The Central Bank lowered the one-week repo rate by 100 basis points to 15%, in line with the scale expected by economists. Despite a weakening currency and the resulting rising inflation, the Central Bank continued to take steps to meet the demand for low borrowing costs. Under the management of Şahap Kavcıoğlu, it reduced the policy rate for the third month in a row.
Important notes on today’s decisions and policy statement of the Central Bank;
· One-week repo rate reduced from 16% to 15% (estimated 15%). Of the 24 economists surveyed by Bloomberg, 18 were expecting 15%. Estimates ranged from 14.50% to 16%.
· Recent rate cuts “started to affect commercial loans positively”.
· Developments in consumer loans are followed closely.
· The Committee expects the temporary effects of supply-side factors and other factors beyond the control of monetary policy on price increases to continue until the first half of 2022.
· The Committee will consider completing the use of the limited space implied by these factors in December.
· Due to the strong upward trend in exports, the improvement in the annualized current account is expected to continue in the rest of the year, and the strengthening of this trend is important for the price stability target.
Within the framework of the traditional economy perspective, an unorthodox interest doctrine and the approach that higher borrowing costs increase inflation is also reflected in the policy of the Central Bank. While the Central Bank eased a total of 300 basis points in the previous two months with consecutive rate cuts above the expected range, the lira continued to depreciate continuously and point to higher and volatile inflation in the coming months. With the last rate cut, the total easing increased to 400 basis points; The assessment that the limited area will be completed at the December meeting is also a statement that can be read as a sign of a new rate cut. Rate cuts pushed real yields further below zero as consumer inflation rose to 19.9%YoY in October. Lira also lost more than 30% of its value this year, and this quarter’s depreciation of more than 15%. This performance places the lira in a very different and out of the equation point among similar developing country currencies. In the next period, the performance of the lira will be determined by the vulnerability created by low interest rates, the Fed’s approach to rate hikes with faster asset purchase cuts against increasing inflation, and what other EM Central banks will do.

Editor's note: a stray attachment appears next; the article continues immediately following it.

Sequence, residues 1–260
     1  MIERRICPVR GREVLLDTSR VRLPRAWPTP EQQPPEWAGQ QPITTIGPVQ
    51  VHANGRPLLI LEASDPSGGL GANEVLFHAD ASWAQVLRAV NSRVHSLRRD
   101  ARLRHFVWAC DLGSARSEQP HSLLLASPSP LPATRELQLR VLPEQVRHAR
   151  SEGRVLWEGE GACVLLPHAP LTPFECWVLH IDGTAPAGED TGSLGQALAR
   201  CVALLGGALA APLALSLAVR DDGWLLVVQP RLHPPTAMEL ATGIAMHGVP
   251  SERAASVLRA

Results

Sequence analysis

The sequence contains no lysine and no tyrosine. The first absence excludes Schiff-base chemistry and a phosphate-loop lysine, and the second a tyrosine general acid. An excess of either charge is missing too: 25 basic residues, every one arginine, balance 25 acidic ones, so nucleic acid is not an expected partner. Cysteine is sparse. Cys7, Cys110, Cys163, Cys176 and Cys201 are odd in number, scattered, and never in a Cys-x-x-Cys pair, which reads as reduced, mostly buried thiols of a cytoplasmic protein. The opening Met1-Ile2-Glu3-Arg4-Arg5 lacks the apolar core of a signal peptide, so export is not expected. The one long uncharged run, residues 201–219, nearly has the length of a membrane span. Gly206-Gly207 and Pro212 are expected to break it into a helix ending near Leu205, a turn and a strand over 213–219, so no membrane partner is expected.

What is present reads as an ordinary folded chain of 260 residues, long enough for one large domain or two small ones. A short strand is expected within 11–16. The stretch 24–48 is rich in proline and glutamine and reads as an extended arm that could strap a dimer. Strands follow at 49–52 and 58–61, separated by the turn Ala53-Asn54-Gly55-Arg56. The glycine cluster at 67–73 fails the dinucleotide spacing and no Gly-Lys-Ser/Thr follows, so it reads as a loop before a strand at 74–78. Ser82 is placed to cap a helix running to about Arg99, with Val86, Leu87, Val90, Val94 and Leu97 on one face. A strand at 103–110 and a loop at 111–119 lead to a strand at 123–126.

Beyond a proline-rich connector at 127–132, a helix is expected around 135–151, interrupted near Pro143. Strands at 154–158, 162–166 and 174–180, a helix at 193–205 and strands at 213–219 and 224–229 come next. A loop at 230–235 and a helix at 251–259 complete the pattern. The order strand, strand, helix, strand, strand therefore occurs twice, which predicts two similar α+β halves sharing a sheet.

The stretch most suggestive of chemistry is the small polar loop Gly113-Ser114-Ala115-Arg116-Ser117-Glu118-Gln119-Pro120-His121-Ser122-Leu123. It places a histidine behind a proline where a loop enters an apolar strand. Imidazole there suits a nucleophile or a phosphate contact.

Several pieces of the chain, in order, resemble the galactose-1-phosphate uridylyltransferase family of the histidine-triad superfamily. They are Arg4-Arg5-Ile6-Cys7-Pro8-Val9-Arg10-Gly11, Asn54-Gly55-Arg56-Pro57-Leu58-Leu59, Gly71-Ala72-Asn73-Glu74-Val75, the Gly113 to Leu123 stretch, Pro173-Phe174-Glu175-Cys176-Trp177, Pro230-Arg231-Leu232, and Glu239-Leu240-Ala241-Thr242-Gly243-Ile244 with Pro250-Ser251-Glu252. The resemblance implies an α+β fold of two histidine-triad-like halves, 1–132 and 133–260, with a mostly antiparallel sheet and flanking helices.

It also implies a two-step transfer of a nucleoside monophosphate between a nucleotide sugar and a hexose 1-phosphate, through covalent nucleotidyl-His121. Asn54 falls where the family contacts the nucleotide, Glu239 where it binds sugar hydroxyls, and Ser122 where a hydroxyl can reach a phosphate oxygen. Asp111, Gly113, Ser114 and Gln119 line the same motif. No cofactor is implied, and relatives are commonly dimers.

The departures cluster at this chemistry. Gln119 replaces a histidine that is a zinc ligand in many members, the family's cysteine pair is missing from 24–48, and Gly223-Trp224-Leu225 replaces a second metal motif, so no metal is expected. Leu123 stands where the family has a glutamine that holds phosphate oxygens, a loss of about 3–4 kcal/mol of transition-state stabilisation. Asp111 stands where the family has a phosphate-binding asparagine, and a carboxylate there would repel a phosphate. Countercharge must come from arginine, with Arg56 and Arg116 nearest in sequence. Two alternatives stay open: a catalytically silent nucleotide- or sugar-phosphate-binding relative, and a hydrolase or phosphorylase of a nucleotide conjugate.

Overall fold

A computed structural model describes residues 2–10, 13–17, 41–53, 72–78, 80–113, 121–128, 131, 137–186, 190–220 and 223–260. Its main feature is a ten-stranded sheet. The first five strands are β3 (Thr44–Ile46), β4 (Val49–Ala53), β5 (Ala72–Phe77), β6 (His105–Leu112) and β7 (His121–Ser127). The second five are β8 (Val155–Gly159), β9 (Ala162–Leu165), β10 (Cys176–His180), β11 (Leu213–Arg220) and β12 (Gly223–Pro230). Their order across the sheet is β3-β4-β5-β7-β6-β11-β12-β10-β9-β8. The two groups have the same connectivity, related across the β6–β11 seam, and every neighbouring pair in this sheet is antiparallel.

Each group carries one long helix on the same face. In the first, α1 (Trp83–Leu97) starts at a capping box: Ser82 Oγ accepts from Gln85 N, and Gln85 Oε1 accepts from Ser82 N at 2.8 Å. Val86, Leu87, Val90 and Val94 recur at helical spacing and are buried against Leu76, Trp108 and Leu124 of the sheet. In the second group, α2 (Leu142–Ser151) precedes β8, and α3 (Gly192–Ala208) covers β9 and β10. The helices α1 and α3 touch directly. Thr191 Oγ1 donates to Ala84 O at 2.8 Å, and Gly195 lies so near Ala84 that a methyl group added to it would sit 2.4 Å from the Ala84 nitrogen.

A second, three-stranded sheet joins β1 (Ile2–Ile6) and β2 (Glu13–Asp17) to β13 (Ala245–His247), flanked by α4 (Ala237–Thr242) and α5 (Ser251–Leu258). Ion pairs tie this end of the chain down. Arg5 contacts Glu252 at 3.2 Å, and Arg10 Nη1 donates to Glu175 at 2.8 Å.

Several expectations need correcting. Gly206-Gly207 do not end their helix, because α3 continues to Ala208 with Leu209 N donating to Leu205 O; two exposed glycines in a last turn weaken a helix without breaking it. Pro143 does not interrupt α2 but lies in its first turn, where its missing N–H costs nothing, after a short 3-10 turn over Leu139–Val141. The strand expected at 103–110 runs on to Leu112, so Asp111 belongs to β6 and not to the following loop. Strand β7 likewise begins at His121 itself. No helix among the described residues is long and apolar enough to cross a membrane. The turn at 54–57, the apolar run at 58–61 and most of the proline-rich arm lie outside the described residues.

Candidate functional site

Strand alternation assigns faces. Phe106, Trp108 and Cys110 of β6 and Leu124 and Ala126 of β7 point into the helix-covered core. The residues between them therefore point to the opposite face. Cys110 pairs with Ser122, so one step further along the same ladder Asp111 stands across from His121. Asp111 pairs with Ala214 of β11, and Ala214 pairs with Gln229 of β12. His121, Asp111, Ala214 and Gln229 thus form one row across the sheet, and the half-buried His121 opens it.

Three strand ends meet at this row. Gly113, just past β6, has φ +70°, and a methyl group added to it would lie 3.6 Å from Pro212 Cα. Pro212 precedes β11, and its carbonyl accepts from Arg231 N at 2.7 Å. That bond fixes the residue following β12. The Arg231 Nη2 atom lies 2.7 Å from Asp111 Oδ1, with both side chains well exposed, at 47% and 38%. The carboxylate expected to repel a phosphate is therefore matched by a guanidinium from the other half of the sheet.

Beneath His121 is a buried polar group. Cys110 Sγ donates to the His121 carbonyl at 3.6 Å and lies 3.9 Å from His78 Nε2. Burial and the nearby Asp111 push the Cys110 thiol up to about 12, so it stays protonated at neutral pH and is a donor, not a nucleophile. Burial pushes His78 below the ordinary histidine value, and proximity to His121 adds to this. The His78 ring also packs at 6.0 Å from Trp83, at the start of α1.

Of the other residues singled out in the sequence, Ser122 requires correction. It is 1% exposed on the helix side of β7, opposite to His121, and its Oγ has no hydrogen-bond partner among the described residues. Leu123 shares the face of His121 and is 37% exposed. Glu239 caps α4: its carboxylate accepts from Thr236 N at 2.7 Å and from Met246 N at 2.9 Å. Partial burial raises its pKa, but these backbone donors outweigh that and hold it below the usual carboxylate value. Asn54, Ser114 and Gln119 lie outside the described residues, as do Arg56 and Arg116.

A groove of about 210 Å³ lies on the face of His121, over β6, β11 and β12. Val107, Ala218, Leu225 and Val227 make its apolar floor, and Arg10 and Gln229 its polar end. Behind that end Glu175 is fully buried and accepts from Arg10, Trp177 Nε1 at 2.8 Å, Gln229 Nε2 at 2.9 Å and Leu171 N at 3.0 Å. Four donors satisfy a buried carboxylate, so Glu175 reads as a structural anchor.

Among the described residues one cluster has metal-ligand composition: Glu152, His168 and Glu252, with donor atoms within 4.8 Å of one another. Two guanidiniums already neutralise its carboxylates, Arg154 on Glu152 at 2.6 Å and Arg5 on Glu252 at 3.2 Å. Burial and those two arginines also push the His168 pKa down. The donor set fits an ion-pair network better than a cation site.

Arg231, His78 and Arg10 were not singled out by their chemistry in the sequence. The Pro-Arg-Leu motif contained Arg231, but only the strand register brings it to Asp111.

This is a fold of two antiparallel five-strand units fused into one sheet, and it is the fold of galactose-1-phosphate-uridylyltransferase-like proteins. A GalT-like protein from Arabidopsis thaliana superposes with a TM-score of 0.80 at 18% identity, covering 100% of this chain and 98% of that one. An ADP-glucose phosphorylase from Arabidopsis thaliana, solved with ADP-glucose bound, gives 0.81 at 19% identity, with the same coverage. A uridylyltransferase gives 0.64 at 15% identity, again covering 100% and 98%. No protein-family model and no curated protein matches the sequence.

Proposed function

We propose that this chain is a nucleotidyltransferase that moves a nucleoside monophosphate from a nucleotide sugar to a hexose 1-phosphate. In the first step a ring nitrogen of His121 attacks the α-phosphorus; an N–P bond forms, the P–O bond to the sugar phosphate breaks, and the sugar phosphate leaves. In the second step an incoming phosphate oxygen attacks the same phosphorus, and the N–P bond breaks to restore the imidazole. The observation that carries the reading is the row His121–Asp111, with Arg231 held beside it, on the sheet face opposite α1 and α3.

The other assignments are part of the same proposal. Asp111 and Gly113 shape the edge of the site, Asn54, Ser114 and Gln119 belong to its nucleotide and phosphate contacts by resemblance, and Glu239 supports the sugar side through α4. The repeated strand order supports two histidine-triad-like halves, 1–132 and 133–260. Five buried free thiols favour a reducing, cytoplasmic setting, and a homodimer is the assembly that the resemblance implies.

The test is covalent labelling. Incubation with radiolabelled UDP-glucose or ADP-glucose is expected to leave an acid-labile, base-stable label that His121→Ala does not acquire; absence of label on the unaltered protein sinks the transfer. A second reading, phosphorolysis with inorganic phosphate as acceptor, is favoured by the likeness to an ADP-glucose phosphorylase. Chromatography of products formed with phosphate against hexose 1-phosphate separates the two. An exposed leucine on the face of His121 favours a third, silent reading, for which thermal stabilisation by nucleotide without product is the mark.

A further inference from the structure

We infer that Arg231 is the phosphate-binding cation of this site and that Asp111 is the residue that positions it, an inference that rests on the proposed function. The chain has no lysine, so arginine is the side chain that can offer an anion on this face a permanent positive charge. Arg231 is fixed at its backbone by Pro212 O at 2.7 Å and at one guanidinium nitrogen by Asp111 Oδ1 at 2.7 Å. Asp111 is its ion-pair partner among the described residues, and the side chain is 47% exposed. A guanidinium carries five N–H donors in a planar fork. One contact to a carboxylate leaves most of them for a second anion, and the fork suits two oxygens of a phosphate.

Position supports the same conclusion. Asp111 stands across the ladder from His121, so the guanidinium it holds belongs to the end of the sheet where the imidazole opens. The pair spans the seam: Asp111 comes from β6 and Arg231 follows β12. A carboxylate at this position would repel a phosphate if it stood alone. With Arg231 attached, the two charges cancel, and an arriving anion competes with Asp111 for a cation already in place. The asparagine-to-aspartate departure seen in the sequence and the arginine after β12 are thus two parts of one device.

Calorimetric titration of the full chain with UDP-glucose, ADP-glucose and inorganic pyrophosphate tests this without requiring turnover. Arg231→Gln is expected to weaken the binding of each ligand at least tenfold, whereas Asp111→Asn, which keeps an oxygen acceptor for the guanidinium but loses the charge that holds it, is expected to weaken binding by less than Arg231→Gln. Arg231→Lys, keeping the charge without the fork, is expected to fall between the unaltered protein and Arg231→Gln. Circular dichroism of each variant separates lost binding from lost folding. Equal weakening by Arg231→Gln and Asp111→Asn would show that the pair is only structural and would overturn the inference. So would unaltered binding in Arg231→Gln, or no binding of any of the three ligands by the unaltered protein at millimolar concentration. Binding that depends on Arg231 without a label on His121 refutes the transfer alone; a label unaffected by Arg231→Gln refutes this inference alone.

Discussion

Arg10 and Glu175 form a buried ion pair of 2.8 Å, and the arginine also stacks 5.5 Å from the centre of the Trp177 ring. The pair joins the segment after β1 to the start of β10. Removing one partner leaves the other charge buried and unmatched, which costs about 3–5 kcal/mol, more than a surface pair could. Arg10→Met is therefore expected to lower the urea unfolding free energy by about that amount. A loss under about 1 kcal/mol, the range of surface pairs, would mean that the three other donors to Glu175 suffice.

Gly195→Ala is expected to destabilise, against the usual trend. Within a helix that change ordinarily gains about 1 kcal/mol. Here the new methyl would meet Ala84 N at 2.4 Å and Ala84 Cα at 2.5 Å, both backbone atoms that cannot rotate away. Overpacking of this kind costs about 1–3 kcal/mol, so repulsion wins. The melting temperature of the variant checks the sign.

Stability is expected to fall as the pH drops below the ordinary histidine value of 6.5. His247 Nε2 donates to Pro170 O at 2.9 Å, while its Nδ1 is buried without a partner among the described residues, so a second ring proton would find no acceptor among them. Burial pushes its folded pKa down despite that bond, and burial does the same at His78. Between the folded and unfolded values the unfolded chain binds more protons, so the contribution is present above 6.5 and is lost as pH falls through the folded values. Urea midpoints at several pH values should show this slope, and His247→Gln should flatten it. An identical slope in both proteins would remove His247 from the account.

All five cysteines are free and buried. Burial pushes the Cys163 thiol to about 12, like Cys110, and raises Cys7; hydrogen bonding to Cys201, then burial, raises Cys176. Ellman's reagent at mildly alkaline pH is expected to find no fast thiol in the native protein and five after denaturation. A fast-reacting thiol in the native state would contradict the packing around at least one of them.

As known; President Mr. Recep Tayyip Erdogan has made it clearer than ever before that he will not give up on his campaign for low borrowing costs. In line with Erdogan’s assessment of continuing to fight for lower rates, considering the changes in the Central Bank governors and MPC members that took place in the last 2 years, we see a low probability of the Central Bank entering a tightening cycle at this stage. Mr. Kavcıoğlu became the 4th Governor after 2019, after the change of duty in March, and last month, changes were made regarding the members who were reluctant to cut interest rates in the MPC content.
While the high economic growth rates are considered as success in government policy; The practices of low borrowing costs, which support the general loan growth, supported this rapid growth path in many periods. On the other hand; The economic repercussions of the pandemic and the recent rising prices have had a significant impact on real incomes, and the depreciation of the currency has weakened the workers’ ability to demand goods and services. By the way; The desire and demand for accelerating growth rates has also increased in the last period, especially in the eyes of the government. We think that a high and volatile inflation path will be an important strain factor in this period. The weakening of the lira increases the effect felt by adding a marginal effect to the rise in global inflation.
As a result; Under all these circumstances, we think that the terminal barrier to easing interest rates was passed months ago. The CBRT’s statement that the completion of the limited area will be evaluated in December can be considered as a sign that interest rates will decrease in December. The USDTRY pair is at its all-time high, weighing on its upward move. The continuation of the increase and volatility in exchange rates indicates that we will have difficulties in controlling inflation. The forecast range has widened, and the daily reactions make it difficult to forecast the dollar/TL at this stage. The steps to be taken by other developing countries will also affect the lira. The Fed is the most influential central bank, and if the Fed worries more about inflation and begins to cut its asset purchases faster in December, the dollar’s appreciation will accelerate. The dollarization trend will increase as the lira’s lack of interest support and inflation roll-over effect increase vulnerability.
Loose monetary policy can lead to more compelling volatility in financial markets. The risk of tight policy change may also be on the agenda in the coming months. In its inflation report, which was updated at the end of October, the Central Bank raised its inflation forecasts to 18.4% for the end of this year. 3Q21 gross domestic product growth data will be released on 30 November, and November inflation data will be released on 3 December. The December interest meeting will be held on December 16.
Kaynak Tera Yatırım
Hibya Haber Ajansı
Kaynak: Hibya Haber Ajansı